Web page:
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Watch Out, Hugh, There's Someone After Your Title

August 30, 2000|BOOTH MOORE

Buffed out in a black muscle tee and track pants, with tattoos on his forearms, Michael Davis isn't your typical publisher. Then again, this is L.A., and the 31-year-old millionaire has dreams of becoming the Hugh Hefner for the millennium.

Davis is a local boy, who graduated from Beverly Hills High and dropped out of USC, before wiling away the hours at Gold's Gym in Venice and the clubs on Sunset Strip. He took over his family's real estate development company, Davis Group Inc., seven years ago. While managing commercial properties in 12 states, he has accumulated exotic cars, a chunky gold watch and a home atop Mulholland Drive with a state-of-the-art gym. But what really interests him, he says, is publishing--and pretty women.

In 1996, he attempted to launch Centerfold, a "men's sophisticate magazine" (read: nudie mag). But his hopes of becoming the patriarch of porn for Gen X, complete with Angels to match Hef's Playmates, were squashed when Playboy sued him over the rights to the word "centerfold." The legal battle, he says, "wasn't worth it."

There won't be any nudity in Bold, he says of the free magazine about L.A. entertainment, politics, fashion and music that is scheduled for a Sept. 30 release with 100,000 copies and local advertising.

"The media today is too apologetic and behind the times," he says between bites of Caesar salad at lunch at Spago the other day. But he has a hard time articulating Bold's vision, relying instead on talking about specific stories, such as a profile of "L.A.'s toughest cop," which will appear in the premiere issue. "You'd think it would be some guy on the SWAT team, but it happens to be a lady," he says. "It sends a message that women don't have to take second to a man."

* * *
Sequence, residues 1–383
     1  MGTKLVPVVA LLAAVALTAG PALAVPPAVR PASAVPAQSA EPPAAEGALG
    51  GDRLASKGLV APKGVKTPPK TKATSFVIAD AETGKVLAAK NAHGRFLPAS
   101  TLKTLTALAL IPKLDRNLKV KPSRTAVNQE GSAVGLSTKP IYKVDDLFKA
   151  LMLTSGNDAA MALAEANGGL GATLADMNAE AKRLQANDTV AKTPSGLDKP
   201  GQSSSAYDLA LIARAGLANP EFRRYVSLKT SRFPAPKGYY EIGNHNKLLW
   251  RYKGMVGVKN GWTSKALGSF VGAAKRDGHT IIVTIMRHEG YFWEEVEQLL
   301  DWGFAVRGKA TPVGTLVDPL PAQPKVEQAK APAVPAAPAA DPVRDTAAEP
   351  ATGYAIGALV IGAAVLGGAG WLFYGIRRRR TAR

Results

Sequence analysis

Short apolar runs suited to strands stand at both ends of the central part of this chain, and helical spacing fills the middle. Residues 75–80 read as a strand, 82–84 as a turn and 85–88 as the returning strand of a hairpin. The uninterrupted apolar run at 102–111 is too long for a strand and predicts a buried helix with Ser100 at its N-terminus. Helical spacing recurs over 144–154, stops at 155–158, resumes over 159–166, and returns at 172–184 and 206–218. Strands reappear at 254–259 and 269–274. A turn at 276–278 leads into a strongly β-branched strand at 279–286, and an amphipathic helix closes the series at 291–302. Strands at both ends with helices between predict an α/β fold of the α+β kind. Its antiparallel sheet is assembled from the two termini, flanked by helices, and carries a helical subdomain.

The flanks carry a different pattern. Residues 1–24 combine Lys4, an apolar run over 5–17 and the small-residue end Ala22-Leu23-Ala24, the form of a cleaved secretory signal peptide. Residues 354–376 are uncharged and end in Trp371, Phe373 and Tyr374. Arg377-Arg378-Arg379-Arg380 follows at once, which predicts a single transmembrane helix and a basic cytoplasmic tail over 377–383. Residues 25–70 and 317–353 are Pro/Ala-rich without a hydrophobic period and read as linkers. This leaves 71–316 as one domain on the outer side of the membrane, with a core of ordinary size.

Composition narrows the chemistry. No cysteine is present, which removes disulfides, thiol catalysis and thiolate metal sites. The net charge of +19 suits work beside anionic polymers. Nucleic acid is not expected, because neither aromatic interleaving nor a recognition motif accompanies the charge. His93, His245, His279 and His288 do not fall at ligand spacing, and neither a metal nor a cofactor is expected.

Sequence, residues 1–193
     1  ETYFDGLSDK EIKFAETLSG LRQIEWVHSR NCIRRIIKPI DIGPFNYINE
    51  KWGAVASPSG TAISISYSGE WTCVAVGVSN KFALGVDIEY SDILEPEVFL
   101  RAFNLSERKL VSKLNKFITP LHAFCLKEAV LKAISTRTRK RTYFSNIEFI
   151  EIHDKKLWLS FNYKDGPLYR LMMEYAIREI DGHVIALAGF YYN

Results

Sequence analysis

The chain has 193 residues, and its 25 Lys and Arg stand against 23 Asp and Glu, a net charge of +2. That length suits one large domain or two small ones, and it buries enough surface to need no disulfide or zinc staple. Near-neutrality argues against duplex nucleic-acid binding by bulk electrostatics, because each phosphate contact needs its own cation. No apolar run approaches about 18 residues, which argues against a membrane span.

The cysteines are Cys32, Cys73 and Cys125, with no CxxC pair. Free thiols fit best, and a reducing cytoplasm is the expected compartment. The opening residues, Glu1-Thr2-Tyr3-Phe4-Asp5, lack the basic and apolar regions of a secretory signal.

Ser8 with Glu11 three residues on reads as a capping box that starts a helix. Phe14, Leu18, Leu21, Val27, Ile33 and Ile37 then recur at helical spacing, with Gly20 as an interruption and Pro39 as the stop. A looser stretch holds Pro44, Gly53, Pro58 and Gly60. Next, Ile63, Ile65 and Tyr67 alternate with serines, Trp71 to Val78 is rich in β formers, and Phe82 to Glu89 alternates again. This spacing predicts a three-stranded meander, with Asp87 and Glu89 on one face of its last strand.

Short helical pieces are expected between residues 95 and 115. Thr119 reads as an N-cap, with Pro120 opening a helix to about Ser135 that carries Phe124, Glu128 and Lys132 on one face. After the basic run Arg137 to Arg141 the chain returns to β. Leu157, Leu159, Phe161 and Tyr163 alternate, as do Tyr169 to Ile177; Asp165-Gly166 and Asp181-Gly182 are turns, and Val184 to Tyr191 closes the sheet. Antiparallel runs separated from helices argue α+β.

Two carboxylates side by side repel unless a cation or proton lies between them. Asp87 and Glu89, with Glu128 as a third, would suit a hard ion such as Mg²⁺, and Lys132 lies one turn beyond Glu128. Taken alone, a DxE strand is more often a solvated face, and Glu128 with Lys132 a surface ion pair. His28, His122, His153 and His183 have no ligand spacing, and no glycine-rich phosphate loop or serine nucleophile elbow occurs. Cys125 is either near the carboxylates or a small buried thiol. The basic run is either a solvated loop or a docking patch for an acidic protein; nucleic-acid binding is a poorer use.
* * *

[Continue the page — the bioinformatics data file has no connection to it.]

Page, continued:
Not that hot babes aren't also part of the package. One prototype cover features a busty cover photo of Carmen Electra, another a shot of "Baywatch" beauty Gena Lee Nolin. Still, Davis doesn't want the magazine to be perceived as objectifying women, so he hired former Playgirl editor Rhonda Wilson to edit Bold, which is headquartered in Sherman Oaks and has a staff of 16. "I thought she could help smooth that out," he explains.

Suddenly, his eyes shoot a sideward glance at two female acquaintances approaching the table. "Where did you guys come from?" he says, grinning at a top-heavy "model" dressed in a short skirt and a brunet in a zebra-print fringed dress slit to the thigh.

Davis invites the women to dinner and out "to party." Then he changes his mind. "Why don't you come back in 30 minutes?"

In 25 minutes, they are back. When Davis offers to give them a private tour of his Bentley out front, our interview is clearly over. But not before one last question: Is the magazine just a ploy to meet beautiful women? Davis scoffs, "Nah, I've got that already."


Booth Moore is at

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